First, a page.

BlackBerry Reputation Dented By Storm Says Former Chief Exec

Blackberry Storm

The former chief executive of BlackBerry Jim Balsillie has said that BlackBerry’s reputation was dented by the BlackBerry Storm phone, which was a rushed attempt at a touchscreen smartphone to compete with the Apple iPhone.

Balsillie attended at an Empire Club of Canada event in Toronto and told the audience that the company tried to do too much with Storm but fell short. “It was a touch display, a clickable display, it had new applications. It was all done in an incredibly short period of time and it blew up on us” he said. Balsillie quickly left the company in 2012 and has not spoken about BlackBerry in public since. At the Toronto event, he spoke of how the company was removed from its title as leader of the smartphone market, with patents and pressure from Apple as the cause.

The BlackBerry storm was released in 2008 as part of the 9500 series of phones by the company known at that time as Research in Motion. It features a touchscreen that uses SurePress, a technology that was patented by RIM to provide haptic feedback. While the phone did have some good points, it generally received critical reviews as it was prone to bugs, glitches and had no wi-fi support.

Balsillie has said that there were many technical faults with the Storm and, although there were one million handsets sold between the phone’s launch and January 2009, nearly each of the one million phones had to be replaced. This is in turn caused US telecom company Verizon to drop a partnership with BlackBerry due to the number of replacements and they claimed $500 million in losses. He said that it was then that he knew BlackBerry couldn’t compete on “high end hardware”. A book released this year called Losing the Signal: The Untold Story Behind The Extraordinary Rise and Spectacular Fall of The BlackBerry by Jacquie McNish states that the Storm was the biggest disaster in smartphone history.

Balsillie also spoke of his hope that the technology sector in Canada would face new changes and implement a national lobby organisation that will help startups to get more funding and attention. The government and industry need to work together in order to fend off foreign tech competition. Referencing American entrepreneurs such as Facebook creator Mark Zuckerberg, Balsillie cited examples of technology leaders that need the right environment in order to become successful. He said that people such as Zuckerberg are “no smarter than Canadian entrepreneurs, but the government doesn’t support them properly”.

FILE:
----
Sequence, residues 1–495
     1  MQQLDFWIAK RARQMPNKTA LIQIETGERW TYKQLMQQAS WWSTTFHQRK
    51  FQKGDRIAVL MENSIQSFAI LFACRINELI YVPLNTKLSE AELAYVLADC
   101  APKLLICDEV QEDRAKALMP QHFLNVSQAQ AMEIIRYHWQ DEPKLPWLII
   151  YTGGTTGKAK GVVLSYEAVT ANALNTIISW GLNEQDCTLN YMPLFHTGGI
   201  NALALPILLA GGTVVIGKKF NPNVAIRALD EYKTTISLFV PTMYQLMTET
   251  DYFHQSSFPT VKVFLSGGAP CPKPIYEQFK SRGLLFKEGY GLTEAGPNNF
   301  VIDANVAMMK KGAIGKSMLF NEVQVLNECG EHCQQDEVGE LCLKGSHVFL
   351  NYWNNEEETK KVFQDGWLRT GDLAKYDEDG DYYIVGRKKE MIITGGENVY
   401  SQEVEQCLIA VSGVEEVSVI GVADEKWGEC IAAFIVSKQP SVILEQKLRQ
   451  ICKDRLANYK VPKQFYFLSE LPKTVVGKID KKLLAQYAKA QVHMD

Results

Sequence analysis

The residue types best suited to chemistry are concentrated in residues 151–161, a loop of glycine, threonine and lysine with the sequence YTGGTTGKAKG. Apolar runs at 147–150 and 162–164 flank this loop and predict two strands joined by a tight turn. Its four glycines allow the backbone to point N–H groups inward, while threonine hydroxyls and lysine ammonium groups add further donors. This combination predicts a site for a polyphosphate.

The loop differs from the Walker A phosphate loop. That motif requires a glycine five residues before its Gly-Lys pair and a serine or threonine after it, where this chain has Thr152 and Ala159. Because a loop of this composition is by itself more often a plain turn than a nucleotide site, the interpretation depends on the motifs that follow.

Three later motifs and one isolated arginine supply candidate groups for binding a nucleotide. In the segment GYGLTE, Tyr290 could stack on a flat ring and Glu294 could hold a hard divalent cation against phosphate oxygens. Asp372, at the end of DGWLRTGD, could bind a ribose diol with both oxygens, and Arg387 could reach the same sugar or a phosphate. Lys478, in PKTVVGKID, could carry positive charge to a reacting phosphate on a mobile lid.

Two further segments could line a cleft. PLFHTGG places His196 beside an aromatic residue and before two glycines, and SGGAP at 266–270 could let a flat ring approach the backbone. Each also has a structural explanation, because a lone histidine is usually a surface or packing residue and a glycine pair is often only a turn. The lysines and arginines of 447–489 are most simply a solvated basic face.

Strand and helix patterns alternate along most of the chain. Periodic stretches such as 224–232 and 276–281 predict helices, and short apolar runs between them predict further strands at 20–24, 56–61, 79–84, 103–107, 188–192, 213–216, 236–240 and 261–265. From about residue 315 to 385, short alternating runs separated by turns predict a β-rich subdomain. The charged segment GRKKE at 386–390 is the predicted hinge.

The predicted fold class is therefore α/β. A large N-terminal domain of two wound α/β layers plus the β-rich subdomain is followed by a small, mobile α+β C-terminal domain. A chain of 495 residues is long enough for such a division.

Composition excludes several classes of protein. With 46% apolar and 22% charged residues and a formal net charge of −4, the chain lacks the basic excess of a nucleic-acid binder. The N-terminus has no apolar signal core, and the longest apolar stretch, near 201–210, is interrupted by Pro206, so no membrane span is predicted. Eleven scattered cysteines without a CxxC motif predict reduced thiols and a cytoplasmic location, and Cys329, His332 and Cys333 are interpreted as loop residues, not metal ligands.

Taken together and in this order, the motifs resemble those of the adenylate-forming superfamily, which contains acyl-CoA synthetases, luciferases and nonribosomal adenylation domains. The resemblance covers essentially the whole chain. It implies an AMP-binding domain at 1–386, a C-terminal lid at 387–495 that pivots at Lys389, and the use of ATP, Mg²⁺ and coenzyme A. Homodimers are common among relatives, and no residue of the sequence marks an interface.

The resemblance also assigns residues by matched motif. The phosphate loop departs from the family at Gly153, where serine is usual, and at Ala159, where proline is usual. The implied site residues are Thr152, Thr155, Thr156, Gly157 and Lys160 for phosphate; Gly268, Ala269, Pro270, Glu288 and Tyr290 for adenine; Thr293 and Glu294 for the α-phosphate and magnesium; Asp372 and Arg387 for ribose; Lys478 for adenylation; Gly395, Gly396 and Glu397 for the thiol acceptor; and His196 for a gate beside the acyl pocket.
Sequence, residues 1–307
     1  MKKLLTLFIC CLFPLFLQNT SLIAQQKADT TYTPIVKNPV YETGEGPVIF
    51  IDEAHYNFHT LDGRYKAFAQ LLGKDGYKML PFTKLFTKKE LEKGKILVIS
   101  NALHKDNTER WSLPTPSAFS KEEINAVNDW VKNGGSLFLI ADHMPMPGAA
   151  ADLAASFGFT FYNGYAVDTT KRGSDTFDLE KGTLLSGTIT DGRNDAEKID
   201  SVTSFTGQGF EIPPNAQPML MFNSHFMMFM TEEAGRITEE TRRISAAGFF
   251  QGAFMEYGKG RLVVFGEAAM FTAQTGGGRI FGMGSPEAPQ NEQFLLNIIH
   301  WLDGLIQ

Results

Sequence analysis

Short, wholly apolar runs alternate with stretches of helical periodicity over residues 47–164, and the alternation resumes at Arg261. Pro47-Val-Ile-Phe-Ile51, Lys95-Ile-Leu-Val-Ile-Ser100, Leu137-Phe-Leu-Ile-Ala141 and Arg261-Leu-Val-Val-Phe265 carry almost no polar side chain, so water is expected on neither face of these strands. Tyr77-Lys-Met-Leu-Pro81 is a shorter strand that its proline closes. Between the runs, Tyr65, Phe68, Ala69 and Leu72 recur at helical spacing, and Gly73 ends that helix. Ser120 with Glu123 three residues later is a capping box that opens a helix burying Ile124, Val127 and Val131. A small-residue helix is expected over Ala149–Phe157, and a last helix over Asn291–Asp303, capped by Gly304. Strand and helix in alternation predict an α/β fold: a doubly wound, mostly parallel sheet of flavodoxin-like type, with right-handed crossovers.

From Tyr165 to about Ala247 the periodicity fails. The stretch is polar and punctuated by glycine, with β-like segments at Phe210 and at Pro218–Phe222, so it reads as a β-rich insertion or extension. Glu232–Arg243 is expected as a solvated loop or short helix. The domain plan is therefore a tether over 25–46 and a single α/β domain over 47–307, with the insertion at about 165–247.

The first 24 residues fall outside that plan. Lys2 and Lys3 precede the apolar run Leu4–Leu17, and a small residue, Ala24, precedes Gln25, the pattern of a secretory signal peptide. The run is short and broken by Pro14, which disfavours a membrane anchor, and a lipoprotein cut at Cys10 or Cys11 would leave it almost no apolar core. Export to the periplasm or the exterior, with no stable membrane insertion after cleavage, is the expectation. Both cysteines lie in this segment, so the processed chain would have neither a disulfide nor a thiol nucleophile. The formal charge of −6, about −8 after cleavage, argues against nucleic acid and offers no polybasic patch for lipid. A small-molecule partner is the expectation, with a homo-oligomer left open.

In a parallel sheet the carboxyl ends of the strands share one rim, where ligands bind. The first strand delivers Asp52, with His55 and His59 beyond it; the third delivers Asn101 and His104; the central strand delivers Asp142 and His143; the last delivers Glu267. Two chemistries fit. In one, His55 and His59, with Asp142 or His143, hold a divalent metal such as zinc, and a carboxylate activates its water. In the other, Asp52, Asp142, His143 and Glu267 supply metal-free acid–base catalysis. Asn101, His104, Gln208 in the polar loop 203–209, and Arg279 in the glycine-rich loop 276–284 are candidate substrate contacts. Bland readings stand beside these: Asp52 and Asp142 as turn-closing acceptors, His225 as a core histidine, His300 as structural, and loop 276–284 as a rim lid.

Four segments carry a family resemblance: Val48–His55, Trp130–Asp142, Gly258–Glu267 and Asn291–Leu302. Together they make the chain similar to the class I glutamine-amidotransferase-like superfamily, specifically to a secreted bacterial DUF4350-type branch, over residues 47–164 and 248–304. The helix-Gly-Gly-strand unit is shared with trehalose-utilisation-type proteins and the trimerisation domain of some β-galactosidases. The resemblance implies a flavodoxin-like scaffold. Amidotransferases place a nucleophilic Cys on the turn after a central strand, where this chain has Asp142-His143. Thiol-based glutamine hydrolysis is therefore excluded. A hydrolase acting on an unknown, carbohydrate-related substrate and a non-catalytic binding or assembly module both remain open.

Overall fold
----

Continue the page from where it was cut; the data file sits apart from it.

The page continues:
He believes that multinational corporations are taking over and leaving no room for national Canadian tech companies, who’s voices are drowned out without the help of lobbyists. The government could create infrastructure that would help the technology sector and the situation would be better if leaders would recognise how much competition there is. Balsillie went on to say that large technology companies such as Amazon and Google have created new offices in Vancouver, Waterloo and Toronto in order to help attract Canadian talent. These companies are now sending the ideas and work of Canadian tech specialists to their headquarters in other countries.

Even though the former chief executive hasn’t talked about BlackBerry since his departure, he has kept up with the technology and launches of the company. He still uses a BlackBerry Bold, a phone with a full qwerty keyboard that was first launched in 2008 and updated with a touchscreen in 2011. He says that he still loves the phone and it will have to be pried out of his “cold, dead hands”.

It has been predicted by RBC Capital Markets that BlackBerry will sell around 700,000 handsets before the end of the year, just half that of a previous prediction which said the number would reach 1.6 million. In addition, BlackBerry has announced that it will axe a large number of worldwide jobs. The company once employed around 20,000 people around the globe, but the number of employees stands at just 7,000 today. However, the Ontario government, all G7 governments and 16 of the 20 G20 governments use BlackBerry phones for work, so there may still be some hope left for the company yet.

 

 

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